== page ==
Subaru has doubled US sales in the last five years and has kicked Toyota out of its US factory. Who needs Le Mans?

    Al Solaroli. That’s who.

  • avatar

    For all of the people who complain about GM’s marketing, witness this from Subaru. Add this idea to the list of bad ideas…

  • avatar

    The XV is already plenty small, and indeed something I would consider a compact. Isn’t the Impreza a compact?

    In any case, they certainly didn’t need something smaller than the junky XV. (A car which seems both too small and too expensive.)

    • 0 avatar
      Nicholas Weaver

      Its a modern compact (and it is an Imprezza with a lift kit & beefier suspension. Heck, even the user manual says “Imprezza” on it), so its actually remarkably roomy inside for such a small car (small cars have gotten much bigger on the inside in the past few years), but it is small.

      However, expensive I’d disagree with. The price premium over the standard Imprezza is low (a hair over $1k), but having taken it out on various ranch roads over the past couple of weeks, and also through pretty impressive blizzard conditions, the wee beastie is remarkably capable over some fairly rough terrain.

      It doesn’t have the approach angle of a real 4×4 (its decent at 21.5 but not spectacular, a typical factory 4×4 pickup is 24+), but the ground clearance is actually pretty capable (8.7″, aka “your typical 4×4 from the factory pickup”), the fuel economy is solid (we see over 30 MPG in standard driving), the drive is nice, and the utility is very high.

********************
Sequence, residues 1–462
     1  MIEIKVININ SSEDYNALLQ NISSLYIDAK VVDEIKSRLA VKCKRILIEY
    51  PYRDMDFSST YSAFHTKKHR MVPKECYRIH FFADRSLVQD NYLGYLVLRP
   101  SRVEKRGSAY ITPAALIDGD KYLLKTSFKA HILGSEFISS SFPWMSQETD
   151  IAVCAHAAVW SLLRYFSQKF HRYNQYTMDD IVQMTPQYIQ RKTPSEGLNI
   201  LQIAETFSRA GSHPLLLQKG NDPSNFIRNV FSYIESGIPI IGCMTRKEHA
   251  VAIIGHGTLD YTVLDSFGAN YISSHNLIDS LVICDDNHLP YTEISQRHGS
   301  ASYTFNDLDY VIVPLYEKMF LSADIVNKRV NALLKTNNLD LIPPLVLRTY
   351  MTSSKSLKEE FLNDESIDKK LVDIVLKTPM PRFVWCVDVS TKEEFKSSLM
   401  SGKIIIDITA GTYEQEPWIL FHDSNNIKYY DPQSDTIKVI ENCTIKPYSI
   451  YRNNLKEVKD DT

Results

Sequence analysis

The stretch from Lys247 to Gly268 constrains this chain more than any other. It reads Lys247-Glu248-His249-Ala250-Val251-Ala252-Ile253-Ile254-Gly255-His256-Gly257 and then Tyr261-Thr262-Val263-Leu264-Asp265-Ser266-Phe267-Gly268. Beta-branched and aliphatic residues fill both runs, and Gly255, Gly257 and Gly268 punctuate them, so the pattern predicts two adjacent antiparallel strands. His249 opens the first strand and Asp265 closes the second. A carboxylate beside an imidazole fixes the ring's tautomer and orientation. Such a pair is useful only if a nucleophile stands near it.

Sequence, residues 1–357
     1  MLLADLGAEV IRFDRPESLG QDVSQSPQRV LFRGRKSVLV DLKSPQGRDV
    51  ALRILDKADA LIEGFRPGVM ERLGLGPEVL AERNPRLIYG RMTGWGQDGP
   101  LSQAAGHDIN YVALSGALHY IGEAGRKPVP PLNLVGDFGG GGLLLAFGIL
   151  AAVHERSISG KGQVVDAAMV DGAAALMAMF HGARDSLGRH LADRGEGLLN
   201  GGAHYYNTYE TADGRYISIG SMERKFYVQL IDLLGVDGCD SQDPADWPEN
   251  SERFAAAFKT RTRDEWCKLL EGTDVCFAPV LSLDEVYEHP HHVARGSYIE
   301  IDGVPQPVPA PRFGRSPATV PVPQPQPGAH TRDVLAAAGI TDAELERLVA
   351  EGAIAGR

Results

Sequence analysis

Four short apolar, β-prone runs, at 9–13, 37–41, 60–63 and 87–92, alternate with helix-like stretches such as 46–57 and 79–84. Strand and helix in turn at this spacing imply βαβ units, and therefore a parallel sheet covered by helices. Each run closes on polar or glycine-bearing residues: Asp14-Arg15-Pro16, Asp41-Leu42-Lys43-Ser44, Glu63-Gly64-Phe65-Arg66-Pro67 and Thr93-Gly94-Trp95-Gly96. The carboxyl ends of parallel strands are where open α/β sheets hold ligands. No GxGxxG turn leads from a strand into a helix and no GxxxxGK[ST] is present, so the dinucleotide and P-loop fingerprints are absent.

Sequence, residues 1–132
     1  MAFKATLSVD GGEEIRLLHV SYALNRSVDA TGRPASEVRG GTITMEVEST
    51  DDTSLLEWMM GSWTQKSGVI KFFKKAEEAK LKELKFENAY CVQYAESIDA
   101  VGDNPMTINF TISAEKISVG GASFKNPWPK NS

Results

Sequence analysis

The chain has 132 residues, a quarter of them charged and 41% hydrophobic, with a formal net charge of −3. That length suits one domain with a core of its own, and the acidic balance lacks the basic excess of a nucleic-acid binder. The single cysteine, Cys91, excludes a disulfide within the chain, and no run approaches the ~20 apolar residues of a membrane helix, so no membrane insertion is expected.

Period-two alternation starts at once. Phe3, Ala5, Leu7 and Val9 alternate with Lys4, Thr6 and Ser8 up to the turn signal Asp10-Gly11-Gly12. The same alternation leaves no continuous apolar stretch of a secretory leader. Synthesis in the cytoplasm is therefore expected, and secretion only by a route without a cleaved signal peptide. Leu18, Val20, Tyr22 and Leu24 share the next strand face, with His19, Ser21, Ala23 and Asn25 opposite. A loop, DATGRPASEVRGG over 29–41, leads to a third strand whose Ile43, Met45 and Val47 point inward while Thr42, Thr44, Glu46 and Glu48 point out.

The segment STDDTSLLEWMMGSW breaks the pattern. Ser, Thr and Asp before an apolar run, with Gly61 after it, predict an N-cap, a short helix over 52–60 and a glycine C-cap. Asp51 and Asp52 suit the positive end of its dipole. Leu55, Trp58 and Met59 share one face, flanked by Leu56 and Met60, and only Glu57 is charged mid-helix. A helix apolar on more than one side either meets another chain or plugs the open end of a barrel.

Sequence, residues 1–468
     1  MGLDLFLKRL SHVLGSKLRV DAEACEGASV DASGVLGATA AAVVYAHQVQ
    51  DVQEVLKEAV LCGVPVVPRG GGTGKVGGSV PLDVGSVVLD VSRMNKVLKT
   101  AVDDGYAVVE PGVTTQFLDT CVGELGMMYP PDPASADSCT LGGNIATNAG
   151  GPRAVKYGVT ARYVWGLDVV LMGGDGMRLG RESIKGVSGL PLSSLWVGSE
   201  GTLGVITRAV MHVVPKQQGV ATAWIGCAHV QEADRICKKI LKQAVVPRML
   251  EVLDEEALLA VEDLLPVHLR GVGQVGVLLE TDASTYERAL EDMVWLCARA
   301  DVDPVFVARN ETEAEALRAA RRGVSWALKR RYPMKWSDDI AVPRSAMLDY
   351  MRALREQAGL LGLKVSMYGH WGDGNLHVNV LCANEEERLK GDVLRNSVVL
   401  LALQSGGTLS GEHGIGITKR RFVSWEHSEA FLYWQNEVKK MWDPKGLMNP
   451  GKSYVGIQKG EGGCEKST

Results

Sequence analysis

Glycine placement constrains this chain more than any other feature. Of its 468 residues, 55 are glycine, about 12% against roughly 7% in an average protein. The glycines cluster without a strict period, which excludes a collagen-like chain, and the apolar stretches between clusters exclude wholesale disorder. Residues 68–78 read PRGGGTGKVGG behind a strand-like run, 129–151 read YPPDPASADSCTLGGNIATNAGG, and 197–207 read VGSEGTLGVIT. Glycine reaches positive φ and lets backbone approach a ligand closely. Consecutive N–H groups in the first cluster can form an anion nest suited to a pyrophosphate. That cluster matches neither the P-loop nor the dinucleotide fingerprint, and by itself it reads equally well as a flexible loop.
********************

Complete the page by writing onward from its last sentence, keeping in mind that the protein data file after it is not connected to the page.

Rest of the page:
But there is no point in going smaller: a shorter wheelbase wouldn’t really improve the offroad ability much (it would improve the breakover, but manuverability wise, the current XV is darn good), and would remove a lot of onroad utility: Unless your living in Paris, any parking space you find the XV will fit in.

      Plus there is not all that much to go down price-wise: The cheapest AWD Juke is $21.1k, while the base XV is $21,995.

    • 0 avatar
      bumpy ii

      The XV is really just the recreation of the Impreza Outback Sport of the ’90s.

      • 0 avatar

        It’s funny you say that – I do believe they had the Impreza Outback Sport until 2010 or 2011. It was only dropped recently – the low sales numbers were probably because everyone thought they dropped it about 1999.

        • 0 avatar

          They had it until 2011.

          Funny to me that people say this all the time…but the Impreza Outback Sport never really had any real ground clearance difference vs. the regular Impreza (6.3″ if I am correct). While the ones from the 90’s were made to look more off-roadable they really weren’t. Hell in 2008-2011 the Oback Spt. package included a larger wheel and a lower profile tire-so the emphasis was more on the “sport” and less on any kind of added utility.

          So yeah-the currect Impreza Sport is really what replaced the Impreza Outback Sport.